If your commission rate is 5%, a salesperson needs to produce $1 million in commissionable sales from 1560 UPs per year to earn $50,000. This means that the RPU (Revenue Per UP, or Performance Index) has to be $641. RPU is a function of UPs (given), close rate and average sale. If the salesperson’s close ratio is what the NHFA Operations Report tells us is the average for all stores, 30% ( which it is not), then there will be 468 sales written. If you divide $1,000,000 by 468, you’ll see that the average sale will have to be $2,136.
Now, if this salesperson works for you, you will need to have a plan for her to make $50,000. But first you will need to know your numbers – your metrics. Of course, most stores don’t know their numbers, so in most cases it all comes down to the usual furniture store style of management: wishful thinking.
If you do have all the metrics to develop this equation for your salesperson, you now have the responsibility – that’s right – the responsibility to provide training, support and tools to help her do her job. You have the responsibility to teach, she has the responsibility to learn, and apply the things you teach. Your manager has the responsibility to make it all “happen” for all your salespeople every day, one customer at a time.
Then, there’s one more important thing you have to do. Monitor the number of UPs each person gets to ensure that the first element in the equation is maintained at the planned level. If it isn’t, as when traffic declines for, say, economic reasons (like gas prices or high heating costs, or natural disasters, or competitive disasters), then there needs to be a plan to raise close ratio and average sale to compensate, or income will decline – hers and yours.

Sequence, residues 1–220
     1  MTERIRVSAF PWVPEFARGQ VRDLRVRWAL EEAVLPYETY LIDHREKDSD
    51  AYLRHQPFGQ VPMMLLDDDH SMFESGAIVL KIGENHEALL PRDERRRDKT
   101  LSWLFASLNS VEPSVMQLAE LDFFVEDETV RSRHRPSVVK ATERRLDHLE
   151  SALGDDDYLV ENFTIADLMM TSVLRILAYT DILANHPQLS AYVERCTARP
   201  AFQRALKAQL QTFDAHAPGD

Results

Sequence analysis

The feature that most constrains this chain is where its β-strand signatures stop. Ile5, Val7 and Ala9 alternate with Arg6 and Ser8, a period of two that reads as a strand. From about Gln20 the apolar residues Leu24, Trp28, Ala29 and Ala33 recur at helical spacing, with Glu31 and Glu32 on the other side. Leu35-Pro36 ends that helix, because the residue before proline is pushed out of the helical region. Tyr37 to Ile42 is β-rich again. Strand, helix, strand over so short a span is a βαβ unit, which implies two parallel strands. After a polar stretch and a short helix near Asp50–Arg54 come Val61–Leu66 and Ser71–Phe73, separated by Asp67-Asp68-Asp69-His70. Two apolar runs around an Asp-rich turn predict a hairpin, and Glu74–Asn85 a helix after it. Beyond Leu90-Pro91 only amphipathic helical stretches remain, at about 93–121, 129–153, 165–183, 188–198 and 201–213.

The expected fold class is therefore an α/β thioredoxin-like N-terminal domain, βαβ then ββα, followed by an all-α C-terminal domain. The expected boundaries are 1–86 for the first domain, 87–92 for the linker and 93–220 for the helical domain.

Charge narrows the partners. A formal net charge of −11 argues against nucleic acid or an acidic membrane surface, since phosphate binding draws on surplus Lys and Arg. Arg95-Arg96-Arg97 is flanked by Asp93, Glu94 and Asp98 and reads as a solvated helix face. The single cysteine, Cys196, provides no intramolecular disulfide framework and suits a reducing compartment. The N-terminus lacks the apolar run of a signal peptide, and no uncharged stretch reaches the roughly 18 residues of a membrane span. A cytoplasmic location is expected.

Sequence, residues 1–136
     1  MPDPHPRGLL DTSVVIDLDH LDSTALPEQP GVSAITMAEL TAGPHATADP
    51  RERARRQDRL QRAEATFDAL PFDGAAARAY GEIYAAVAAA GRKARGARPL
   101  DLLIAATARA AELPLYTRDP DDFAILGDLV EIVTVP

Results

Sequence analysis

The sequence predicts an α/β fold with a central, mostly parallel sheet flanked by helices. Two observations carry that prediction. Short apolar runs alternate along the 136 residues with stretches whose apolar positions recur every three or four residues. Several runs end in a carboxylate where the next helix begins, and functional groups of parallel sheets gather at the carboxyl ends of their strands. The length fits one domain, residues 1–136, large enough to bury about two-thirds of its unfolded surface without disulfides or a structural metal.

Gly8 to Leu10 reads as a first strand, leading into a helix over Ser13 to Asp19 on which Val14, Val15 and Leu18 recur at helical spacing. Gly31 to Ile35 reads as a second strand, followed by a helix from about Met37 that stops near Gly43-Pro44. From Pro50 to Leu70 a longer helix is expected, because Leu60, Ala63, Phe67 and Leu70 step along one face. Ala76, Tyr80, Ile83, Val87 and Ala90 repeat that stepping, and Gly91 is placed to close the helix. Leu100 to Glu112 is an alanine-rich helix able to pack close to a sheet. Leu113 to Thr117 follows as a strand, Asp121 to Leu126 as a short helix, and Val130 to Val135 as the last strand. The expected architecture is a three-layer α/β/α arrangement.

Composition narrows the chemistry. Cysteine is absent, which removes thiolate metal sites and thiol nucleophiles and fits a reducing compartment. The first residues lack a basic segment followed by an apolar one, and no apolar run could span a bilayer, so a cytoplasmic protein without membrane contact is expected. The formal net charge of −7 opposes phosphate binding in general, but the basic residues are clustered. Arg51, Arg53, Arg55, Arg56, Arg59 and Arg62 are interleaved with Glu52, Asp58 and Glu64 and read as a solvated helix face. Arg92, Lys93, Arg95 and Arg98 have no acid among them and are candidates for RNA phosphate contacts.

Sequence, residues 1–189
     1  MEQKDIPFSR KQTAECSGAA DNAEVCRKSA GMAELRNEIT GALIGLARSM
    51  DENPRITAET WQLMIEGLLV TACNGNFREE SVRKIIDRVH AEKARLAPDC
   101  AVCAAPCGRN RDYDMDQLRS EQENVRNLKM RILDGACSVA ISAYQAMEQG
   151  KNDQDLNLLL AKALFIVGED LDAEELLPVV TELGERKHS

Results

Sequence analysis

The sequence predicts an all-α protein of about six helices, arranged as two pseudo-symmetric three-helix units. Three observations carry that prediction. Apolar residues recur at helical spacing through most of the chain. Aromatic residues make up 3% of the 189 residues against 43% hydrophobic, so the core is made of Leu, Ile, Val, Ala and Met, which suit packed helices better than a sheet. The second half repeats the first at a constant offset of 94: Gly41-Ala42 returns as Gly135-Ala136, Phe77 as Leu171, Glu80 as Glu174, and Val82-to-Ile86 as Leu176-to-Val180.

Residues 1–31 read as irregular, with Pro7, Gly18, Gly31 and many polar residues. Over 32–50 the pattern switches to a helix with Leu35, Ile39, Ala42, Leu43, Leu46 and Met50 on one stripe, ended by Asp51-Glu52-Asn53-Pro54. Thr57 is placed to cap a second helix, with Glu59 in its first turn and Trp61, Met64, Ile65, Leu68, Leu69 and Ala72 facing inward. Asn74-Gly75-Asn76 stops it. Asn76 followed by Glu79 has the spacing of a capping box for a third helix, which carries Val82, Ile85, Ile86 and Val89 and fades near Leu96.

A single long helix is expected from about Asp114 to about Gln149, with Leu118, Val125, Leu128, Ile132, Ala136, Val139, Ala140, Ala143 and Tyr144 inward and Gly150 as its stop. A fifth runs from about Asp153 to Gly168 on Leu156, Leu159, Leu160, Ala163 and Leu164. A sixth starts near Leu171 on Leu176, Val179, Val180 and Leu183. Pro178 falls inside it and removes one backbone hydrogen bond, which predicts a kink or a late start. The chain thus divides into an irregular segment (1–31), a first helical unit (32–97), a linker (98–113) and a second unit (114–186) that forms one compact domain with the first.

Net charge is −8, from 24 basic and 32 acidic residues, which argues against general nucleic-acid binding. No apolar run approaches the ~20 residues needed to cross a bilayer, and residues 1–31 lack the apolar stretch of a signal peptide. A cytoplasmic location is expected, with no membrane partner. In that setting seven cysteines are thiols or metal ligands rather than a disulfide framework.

Well, what are the things you can do to increase close ratio and average sale? My point is that if you have a selling strategy – a system that concentrates on these things (which are so critical to your success) you have a chance of tweaking them, managing them for greater compliance to the system, and seeking ways to provide higher levels of service to all customers. Then you can get the most out of every UP. If you have no system, and your results are dependent on the personal skills, innate intelligence, and internal motivations of individual salespeople, it’s very hard to manage strategically.
If you want to be in control of your business, attract and retain “good people”, you must have a sales system that will allow you to engage in proactive sales management. It will help you get through rough times, and capitalize on good times, and, in time, we just might have some young people looking to us for careers instead of just interim jobs on their way to something better.
Joe Capillo is a 41 year career veteran, experienced in managing and consulting with furniture retail operations. He is also a contributing editor for Furniture World Magazine. He is a contributing editor to FURNITURE WORLD and a frequent speaker at industry functions. See all of Joe’s articles on the furninfo.com website.
View all articles by Joe Capillo